Call of Duty was an underdog. It is very hard to get your head into that space with Modern Warfare 2 looming over us all in full SAS gear, blowing cigar smoke in our ears, receiving more pre-orders than any other game in history and scaring all the other shooters into spring 2010, but it's true. The series that dared to lock horns with Medal of Honor was once a plucky young thing with aging Quake 3 Arena tech and publishing difficulties involving a split with EA and last-minute rescue by Activision.

That's not to say the guys at Infinity Ward didn't know exactly what they were doing. This was a studio made up of ex-2015 employees, the team that made Medal of Honor: Allied Assault, subject of today's other retrospective, in the first place. Still, they had enough ideas and heart to win rookie studio of the year at the Games Developers Choice Awards, and it's nice how much of that still shines through the original Call of Duty today.

All of the team's talent is right there on display. As an FPS the game is still neat, punchy and tactile, with Nazis crumpling excellently with each well-aimed shot. Flanking and suppressing manoeuvres are always rewarded, the guns make excellent noises, and the level design alternately seduces, teases, jokes with you, tests you, and occasionally about-faces and comes flailing at you with some ruinous bastard of a mission that never seems to end.

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The complete absence of blood is quite the thing. Not only do you not notice its absence, it makes things that much sadder. People just fall down.

Call of Duty's design philosophy, of packing a single-player campaign into fewer hours, was much rarer back in 2003. It enabled Infinity Ward to lavish so much attention on each mission that the set-pieces and memorable moments never stopped coming, and it enabled games journalists the world over to make an awful lot of very excited analogies involving rollercoasters and, in fact, every other kind of fairground ride except possibly those chunder-conjuring spinning teacups, while simultaneously marking the game down for only being eight hours long.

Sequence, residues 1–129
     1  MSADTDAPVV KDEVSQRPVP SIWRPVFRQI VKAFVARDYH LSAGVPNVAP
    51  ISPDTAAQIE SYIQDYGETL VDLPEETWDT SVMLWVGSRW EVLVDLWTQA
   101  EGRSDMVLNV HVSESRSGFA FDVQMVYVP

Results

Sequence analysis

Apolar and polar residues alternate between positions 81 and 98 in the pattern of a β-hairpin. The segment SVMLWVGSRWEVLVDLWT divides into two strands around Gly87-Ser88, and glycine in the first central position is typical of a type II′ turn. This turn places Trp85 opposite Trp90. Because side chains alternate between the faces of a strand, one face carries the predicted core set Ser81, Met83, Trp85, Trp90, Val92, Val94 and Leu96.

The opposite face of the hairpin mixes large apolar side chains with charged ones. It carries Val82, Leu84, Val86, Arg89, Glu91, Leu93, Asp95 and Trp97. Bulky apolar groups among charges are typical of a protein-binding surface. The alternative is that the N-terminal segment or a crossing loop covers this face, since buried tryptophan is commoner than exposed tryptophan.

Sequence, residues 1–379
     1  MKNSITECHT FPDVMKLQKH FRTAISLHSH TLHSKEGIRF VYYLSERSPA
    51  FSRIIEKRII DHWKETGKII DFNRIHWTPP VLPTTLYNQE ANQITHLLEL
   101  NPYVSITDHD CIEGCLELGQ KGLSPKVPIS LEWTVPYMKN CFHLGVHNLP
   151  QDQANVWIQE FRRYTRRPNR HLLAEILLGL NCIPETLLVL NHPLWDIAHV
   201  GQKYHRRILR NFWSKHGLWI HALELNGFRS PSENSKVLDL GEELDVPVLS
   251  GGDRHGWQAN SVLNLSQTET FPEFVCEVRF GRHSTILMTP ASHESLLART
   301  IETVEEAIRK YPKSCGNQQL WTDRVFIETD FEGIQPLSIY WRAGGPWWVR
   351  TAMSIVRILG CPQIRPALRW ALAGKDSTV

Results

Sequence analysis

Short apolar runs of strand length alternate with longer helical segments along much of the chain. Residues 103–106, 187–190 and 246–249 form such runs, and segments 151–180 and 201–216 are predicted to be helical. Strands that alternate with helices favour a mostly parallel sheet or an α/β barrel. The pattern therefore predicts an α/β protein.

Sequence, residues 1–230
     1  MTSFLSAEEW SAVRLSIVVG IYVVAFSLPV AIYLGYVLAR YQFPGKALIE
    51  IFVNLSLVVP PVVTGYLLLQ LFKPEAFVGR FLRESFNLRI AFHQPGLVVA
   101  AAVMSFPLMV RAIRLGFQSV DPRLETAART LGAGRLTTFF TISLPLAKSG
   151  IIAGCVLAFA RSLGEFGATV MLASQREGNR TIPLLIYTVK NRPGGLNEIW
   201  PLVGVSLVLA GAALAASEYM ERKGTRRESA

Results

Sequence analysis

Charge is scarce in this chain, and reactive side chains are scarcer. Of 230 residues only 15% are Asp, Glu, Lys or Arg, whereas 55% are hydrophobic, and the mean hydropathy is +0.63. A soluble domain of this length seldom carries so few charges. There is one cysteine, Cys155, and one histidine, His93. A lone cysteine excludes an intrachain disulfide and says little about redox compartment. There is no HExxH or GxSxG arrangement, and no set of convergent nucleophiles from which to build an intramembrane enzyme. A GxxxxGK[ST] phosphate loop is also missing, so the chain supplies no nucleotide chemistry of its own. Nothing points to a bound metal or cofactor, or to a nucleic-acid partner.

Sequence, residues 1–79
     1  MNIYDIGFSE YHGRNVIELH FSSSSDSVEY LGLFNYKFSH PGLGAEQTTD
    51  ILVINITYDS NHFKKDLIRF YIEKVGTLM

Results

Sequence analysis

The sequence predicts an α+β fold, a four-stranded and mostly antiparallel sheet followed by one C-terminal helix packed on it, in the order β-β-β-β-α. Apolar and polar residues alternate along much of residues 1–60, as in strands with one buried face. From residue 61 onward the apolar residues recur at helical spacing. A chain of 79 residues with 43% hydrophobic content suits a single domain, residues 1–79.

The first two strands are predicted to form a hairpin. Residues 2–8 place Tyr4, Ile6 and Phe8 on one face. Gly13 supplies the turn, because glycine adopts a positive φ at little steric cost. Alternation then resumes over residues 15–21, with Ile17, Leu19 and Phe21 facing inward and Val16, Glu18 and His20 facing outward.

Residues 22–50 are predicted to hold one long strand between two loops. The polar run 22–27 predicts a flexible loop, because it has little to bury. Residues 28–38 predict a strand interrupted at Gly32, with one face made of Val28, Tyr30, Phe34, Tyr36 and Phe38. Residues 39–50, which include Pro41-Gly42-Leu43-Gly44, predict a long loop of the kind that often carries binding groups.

But to think of Call of Duty as a rollercoaster is missing its significance. It didn't win 70 game of the year awards because it was ceaselessly exciting and scary, or because of anything to do with the edge of your seat or the seat of your pants. It won 70 game of the year awards because it offered us something we'd never seen before. Call of Duty being an excellent shooter was only its rock-solid foundation - the reason it awed gamers everywhere was because it brought World War 2 to life.

All of Call of Duty's innovations, every single one, pull in the same direction. The demand for the player to use ironsights and routinely go prone, the ringing in your ears and blurring of your vision after an explosion, this density of scripting, how you were often only part of a squad - all of it was dreamed up and implemented to draw you into the game, like sealing wax between the game and your imagination. That had the very important side effect of popping the top of your head off and making you realise that, holy s***, men actually did this. Like, for real. They were given guns and put on planes and boats and taken a long way from home and told where to run and they died.

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Quintin Smith

Quintin Smith

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Quinns has been writing about games for a decade. If you see him online, please be gentle. He'll be using a shotgun no matter the circumstances and will not be very good.

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